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Peter Bogdanovich, the filmmaker, actor and historian, has died of natural causes at home in Los Angeles, aged 82. He was born in Kingston, New York in 1939, to immigrant parents who had recently fled Nazi-occupied Europe. Herma, his mother, was an Austrian-born Jew; while his father Borislav, a painter and pianist, was a Serbian Orthodox Christian. Peter attended classes at the Actors Studio as a teenager, and later studied acting at the Stella Adler Conservatory.

Only one time was I in Marilyn Monroe’s presence, and she never would have known it. During the winter of 1955, I was sitting a row in front of her at a Manhattan acting class being conducted by Lee Strasberg. Marilyn was 29, at the peak of her success and fame – with seven years left to live – wearing a thick bulky-knit black woolen sweater, and no make-up on her pale lovely face. The two or three times I allowed myself to casually glance back at her, she was absolutely enthralled, mesmerised by Strasberg’s every word and breath … From the glimpses I had of Marilyn, Strasberg certainly had her complete attention and support, but in a strangely desperate way. She didn’t look contented or studious; she looked quite anxious and passionately devoted to Strasberg as somehow the answer to her troubles.

– from Who the Hell’s In It? Portraits and Conversations by Peter Bogdanovich (2004)

During the 1960s, Bogdanovich – an obsessive cinephile, who watched around 400 movies a year – was a film programmer at New York’s Museum of Modern Art. Heavily influenced by French auteur theory, he also interviewed important figures from Hollywood’s golden age, including several who had known and worked with Marilyn.

Clifford Odets [playwright, and screenwriter of Clash By Night] told me that Marilyn Monroe used to come over to his house and talk, but that the only times she seemed to him really comfortable were when she was with his two young children and their large poodle. She relaxed with them, felt no threat. With everyone else, Odets said, she seemed nervous, intimidated, frightened. When I repeated to [Arthur] Miller this remark about her with children and animals, he said, ‘Well, they didn’t sneer at her.’ – Peter Bogdanovich, Who the Hell’s In It?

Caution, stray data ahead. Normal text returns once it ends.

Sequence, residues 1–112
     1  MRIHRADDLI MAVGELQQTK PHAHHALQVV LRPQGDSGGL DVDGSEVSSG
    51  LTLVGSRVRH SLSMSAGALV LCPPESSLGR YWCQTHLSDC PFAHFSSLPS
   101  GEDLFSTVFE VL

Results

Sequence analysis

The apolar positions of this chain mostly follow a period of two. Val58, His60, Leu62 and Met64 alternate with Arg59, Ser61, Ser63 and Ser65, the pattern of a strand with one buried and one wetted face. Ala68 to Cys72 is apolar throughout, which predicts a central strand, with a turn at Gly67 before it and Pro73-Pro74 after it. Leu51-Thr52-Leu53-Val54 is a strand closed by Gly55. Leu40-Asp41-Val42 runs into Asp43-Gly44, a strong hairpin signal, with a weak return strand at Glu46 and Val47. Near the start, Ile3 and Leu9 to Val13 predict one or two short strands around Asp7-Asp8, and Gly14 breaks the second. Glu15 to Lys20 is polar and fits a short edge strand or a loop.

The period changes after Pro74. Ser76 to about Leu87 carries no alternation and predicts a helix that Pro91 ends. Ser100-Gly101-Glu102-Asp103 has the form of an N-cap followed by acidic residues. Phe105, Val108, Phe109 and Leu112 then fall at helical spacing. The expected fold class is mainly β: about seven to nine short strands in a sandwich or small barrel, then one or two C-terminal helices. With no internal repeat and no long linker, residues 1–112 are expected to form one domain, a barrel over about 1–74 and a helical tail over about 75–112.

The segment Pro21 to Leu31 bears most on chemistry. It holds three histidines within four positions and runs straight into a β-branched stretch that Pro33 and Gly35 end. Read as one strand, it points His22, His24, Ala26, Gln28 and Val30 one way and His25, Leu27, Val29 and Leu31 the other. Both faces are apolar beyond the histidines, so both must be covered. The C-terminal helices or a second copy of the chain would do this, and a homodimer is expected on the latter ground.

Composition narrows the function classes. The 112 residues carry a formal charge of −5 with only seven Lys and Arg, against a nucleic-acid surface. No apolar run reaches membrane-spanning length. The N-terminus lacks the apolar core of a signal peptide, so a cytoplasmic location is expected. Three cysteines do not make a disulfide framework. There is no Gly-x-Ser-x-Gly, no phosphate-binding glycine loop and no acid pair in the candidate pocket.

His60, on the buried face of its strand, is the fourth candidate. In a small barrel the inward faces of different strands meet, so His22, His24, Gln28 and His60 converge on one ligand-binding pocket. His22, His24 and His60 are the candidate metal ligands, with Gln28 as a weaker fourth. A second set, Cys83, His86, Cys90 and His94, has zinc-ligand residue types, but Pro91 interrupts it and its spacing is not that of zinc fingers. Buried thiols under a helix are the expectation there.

I don’t know why she couldn’t remember her lines, but I can very well understand all the directors who worked with her getting angry, because she was certainly responsible for slowing down the work. But she was very responsive … One very bad thing: she asked me if I would mind if her female coach [Natasha Lytess] was there during shooting in the studio. I said, ‘No, under one condition – that you don’t let her coach you.’ Because when an actress has learned her lines and thinks she has caught the feeling of the part, got under the skin of the character, it’s very hard to change it. – Fritz Lang, director of Clash By Night (1952)

Monroe was frightened to come on the stage – she had such an inferiority complex – and I felt sorry for her. I’ve seen other people like that. I did the best I could and wasn’t bothered by it too much. In Monkey Business (1952), she only had a small part – that didn’t frighten her so much – but when she got into a big part … For instance, when she started her singing (for Gentlemen Prefer Blondes, 1953), she tried to run out of the recording studio two or three times. We had to grab her and hold her to keep her there … She was trying, for example, at the Actor’s Studio, to formularize her approach: She didn’t want to squander her energies. I’m not convinced it helped her at all. But that was her aim – to make it even more real. – Howard Hawks